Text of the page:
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Logo of bmcmicrBioMed Centralsearchsubmit a manuscriptregisterthis articleBMC Microbiology
 
BMC Microbiol. 2012; 12: 40.
Published online Mar 22, 2012. doi:  10.1186/1471-2180-12-40
PMCID: PMC3391984

Antagonistic interactions peak at intermediate genetic distance in clinical and laboratory strains of Pseudomonas aeruginosa

Abstract

Background

Bacteria excrete costly toxins to defend their ecological niche. The evolution of such antagonistic interactions between individuals is expected to depend on both the social environment and the strength of resource competition. Antagonism is expected to be weak among highly similar genotypes because most individuals are immune to antagonistic agents and among dissimilar genotypes because these are unlikely to be competing for the same resources and antagonism should not yield much benefit. The strength of antagonism is therefore expected to peak at intermediate genetic distance.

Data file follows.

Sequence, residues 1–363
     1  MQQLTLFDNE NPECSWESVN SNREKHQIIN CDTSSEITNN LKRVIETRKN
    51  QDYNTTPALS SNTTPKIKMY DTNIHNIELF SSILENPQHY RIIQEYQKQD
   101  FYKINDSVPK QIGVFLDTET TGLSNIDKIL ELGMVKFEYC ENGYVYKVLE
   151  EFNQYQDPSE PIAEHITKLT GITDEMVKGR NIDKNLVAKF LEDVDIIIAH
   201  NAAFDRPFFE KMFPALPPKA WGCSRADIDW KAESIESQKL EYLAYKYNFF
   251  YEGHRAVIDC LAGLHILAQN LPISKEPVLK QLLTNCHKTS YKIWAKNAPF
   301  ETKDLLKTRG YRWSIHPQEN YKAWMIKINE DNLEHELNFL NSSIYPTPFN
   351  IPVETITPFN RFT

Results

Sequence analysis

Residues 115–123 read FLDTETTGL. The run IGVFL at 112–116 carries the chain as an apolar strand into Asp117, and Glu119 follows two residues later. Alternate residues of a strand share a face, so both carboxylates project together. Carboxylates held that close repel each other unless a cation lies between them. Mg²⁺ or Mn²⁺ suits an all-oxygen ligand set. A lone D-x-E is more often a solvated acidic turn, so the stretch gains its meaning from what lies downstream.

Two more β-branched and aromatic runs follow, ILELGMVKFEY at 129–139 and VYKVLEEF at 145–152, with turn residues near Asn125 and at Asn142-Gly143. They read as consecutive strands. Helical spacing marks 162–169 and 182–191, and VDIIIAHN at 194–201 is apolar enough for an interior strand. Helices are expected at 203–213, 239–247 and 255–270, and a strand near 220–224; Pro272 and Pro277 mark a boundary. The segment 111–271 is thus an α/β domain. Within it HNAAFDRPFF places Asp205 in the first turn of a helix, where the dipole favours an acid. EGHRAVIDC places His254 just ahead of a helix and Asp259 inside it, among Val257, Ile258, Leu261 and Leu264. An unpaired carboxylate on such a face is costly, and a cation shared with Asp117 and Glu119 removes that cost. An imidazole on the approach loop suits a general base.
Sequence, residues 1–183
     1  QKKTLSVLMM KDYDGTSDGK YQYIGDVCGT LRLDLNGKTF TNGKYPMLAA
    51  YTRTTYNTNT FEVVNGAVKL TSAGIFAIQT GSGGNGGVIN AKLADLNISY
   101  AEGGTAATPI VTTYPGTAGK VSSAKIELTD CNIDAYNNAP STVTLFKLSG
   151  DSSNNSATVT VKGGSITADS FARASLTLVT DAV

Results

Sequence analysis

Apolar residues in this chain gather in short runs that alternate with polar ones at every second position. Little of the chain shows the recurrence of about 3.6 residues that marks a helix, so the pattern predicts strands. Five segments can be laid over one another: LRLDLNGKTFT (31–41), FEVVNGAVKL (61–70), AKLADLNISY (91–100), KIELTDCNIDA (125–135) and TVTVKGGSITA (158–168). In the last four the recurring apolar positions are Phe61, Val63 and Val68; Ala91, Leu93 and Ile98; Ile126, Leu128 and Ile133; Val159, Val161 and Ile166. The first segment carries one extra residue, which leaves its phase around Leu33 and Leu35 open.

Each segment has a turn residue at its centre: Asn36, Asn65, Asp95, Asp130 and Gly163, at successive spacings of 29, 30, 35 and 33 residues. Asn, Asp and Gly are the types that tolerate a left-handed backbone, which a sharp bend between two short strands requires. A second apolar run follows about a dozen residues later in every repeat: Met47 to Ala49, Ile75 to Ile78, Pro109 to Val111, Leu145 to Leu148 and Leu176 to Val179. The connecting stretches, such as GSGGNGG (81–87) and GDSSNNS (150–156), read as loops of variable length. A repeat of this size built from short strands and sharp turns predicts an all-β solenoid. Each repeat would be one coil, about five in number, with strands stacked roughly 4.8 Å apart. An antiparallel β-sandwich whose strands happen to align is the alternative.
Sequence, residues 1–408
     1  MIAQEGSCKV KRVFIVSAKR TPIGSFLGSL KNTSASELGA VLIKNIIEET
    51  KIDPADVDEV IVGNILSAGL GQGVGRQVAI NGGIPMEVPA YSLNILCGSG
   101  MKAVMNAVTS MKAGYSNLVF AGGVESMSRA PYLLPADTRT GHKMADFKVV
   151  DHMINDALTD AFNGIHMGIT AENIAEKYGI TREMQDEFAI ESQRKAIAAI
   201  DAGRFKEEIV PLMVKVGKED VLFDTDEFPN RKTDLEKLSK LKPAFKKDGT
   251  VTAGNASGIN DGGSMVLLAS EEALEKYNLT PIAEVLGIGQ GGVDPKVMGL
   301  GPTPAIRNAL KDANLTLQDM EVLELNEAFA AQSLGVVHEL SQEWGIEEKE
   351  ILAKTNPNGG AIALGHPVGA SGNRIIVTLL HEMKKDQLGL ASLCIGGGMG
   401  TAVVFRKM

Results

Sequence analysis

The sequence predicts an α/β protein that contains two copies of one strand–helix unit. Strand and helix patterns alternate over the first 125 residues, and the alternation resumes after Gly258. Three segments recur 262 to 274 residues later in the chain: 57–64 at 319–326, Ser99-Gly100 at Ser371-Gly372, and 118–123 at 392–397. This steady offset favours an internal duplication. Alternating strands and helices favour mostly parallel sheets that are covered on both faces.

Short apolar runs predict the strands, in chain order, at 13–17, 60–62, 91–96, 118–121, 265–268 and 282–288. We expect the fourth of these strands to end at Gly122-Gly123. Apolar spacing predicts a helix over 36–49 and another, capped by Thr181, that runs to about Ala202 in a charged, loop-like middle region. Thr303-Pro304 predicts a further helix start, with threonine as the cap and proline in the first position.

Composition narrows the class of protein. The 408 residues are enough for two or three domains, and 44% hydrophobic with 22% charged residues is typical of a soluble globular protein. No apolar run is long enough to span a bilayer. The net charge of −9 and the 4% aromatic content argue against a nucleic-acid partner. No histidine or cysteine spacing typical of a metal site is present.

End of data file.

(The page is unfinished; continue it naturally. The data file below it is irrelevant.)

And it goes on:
Results

We studied the ability of laboratory strains of Pseudomonas aeruginosa to prevent growth of 55 different clinical P. aeruginosa isolates derived from cystic fibrosis patients. Genetic distance was determined using genetic fingerprints. We found that the strength of antagonism was maximal among genotypes of intermediate genetic distance and we show that genetic distance and resource use are linked.

Conclusions

Our results suggest that the importance of social interactions like antagonism may be modulated by the strength of resource competition.


Articles from BMC Microbiology are provided here courtesy of BioMed Central